Artemisia (Artemisia annua L.) is a bush type plant, and is one of the most distributed genus of asteraceae genus. Members of this genus have a distinctive aroma or unique taste and have benefits in the medical field. Artemisia is a seasonal plant that has good growth, erect, and bright green leaves with a compound interest structure. Artemisia is a traditional medicinal herb originating in China and widely cultivated in Asia, America, and Europe.
Artemisia has been used since ancient times by the Chinese population to treat fever due to malaria. The active ingredient in this plant is called qinghaosu in Chinese or artemisinin. Artemisinin is clinically proven to inhibit the development of Plasmodium sp. the cause of malaria. Artemisinin can be used as an active ingredient for a mixture of anti-malarial drugs and has been sold commercially.
Artemisinin is a secondary metabolite compound that enters into isoprenoid or trepenoid classification. Isoprenoid compounds are produced by plants to protect themselves from damage caused by abiotic factors. The isoprenoid content in plants will always increase in abiotic conditions that are less supportive. Abiotic factors include the intensity of light, environmental temperature, the availability of nutrients and water in the soil. Artemisinin belongs to the isoprenoid classification and it can be said that artemisinin has almost the same role.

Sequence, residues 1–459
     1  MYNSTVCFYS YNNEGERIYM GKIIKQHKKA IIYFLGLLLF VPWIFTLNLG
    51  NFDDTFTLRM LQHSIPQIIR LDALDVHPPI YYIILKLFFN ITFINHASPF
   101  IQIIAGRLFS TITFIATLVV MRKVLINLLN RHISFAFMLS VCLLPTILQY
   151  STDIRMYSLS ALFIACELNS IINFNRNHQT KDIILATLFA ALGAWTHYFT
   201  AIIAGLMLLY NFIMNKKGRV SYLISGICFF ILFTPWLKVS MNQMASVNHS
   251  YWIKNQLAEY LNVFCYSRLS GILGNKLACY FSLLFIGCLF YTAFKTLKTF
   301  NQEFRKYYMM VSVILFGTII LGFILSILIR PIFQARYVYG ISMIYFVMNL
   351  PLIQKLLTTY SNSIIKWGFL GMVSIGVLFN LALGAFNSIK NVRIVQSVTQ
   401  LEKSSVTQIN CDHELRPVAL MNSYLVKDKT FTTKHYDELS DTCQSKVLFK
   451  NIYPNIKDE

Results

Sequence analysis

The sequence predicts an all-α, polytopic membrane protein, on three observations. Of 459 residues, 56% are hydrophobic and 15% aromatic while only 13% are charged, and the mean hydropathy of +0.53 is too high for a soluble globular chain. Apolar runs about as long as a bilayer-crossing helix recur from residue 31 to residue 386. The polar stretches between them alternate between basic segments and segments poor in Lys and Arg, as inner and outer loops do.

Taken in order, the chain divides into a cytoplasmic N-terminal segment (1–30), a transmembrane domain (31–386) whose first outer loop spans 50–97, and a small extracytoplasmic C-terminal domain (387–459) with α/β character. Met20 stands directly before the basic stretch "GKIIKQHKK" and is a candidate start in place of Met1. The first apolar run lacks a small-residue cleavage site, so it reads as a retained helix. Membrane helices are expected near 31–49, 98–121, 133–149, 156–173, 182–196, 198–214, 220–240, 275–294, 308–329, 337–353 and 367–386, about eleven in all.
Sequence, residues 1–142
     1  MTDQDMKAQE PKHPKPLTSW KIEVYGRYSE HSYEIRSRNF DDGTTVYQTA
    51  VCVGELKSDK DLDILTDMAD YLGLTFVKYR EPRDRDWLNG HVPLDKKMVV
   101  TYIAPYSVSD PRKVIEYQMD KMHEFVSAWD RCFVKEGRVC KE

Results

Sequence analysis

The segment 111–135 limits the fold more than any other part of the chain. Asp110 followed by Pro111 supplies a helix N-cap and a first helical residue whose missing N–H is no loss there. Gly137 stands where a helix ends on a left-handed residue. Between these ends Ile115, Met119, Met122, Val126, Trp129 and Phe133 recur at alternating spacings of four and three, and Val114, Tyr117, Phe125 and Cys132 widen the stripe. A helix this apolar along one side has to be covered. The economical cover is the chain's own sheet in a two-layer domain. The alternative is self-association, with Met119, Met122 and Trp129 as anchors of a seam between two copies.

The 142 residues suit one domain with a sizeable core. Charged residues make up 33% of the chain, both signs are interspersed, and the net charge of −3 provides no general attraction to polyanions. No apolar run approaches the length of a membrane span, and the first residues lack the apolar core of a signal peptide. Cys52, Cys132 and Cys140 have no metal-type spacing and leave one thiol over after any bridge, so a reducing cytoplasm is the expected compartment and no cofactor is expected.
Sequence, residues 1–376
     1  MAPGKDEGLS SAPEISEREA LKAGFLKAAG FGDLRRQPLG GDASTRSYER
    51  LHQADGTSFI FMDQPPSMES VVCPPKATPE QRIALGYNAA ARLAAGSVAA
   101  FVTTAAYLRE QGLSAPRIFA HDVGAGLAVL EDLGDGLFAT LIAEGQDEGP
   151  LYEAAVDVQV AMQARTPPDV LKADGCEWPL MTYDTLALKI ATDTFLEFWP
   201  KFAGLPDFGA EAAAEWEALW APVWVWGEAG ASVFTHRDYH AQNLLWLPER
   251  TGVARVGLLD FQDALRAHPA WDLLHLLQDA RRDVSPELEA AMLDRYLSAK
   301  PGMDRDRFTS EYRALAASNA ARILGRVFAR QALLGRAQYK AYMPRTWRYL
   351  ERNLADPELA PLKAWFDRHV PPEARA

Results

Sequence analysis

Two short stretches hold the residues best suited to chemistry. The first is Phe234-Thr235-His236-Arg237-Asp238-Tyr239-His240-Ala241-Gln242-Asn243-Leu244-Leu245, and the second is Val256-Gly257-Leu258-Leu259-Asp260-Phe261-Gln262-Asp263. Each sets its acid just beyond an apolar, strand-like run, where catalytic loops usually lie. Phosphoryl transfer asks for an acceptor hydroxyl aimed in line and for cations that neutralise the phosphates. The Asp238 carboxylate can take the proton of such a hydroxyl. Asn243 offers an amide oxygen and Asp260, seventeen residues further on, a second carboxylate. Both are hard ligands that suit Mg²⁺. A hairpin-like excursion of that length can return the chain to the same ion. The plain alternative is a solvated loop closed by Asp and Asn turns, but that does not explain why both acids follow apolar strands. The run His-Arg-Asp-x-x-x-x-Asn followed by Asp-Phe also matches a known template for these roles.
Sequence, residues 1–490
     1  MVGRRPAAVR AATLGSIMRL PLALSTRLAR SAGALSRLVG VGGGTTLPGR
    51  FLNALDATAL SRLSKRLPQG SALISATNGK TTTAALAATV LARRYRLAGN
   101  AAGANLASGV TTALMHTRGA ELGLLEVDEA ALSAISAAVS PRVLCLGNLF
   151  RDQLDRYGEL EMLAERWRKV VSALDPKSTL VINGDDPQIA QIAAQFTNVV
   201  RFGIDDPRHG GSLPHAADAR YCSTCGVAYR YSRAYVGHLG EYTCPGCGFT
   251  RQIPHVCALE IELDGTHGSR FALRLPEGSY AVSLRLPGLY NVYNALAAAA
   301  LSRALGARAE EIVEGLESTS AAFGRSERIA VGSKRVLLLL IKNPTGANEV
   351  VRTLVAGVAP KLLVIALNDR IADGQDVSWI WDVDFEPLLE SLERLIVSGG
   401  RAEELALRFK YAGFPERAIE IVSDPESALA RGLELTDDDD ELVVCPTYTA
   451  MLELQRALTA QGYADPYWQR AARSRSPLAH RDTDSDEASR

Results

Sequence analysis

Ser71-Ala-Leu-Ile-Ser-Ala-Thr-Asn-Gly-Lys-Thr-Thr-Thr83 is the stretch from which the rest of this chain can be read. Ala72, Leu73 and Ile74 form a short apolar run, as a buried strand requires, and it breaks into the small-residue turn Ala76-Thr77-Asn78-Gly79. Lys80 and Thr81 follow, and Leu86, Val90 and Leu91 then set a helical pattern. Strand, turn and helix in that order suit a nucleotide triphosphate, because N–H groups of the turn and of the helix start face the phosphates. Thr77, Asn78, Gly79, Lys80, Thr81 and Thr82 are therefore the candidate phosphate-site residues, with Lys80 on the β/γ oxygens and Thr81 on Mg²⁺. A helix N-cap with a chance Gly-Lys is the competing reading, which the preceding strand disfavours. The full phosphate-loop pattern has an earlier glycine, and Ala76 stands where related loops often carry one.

The cultivation of Artemisia annua L. does not require full irrigation. Regular irrigation processes can affect plant height. If the irrigation frequency is increased, the Artemisia annua L. canopy will increase. Increasing the frequency of irrigation can also reduce the total dry biomass so that the level of artemisinin obtained is also small. Well-scheduled irrigation and appropriate spacing use can increase the amount of biomass. In the cultivation area of Artemisia annua L. using wide spacing and unscheduled irrigation, the total biomass produced is very small.
Artemisia can grow optimally on clay soil with pH ranges between 6-8 and have good drainage. Artemisia planted on soil with a pH lower than 5 can still grow well. It has been reported that there are several clones of Artemisia that are tolerant of acidic and alkaline soils. Artemisia grown on appropriate media will grow optimum and produce large quantities of biomass. This does not affect the content of artemisinin, but if the resulting biomass is greater, then the number of artemisinin will also be more.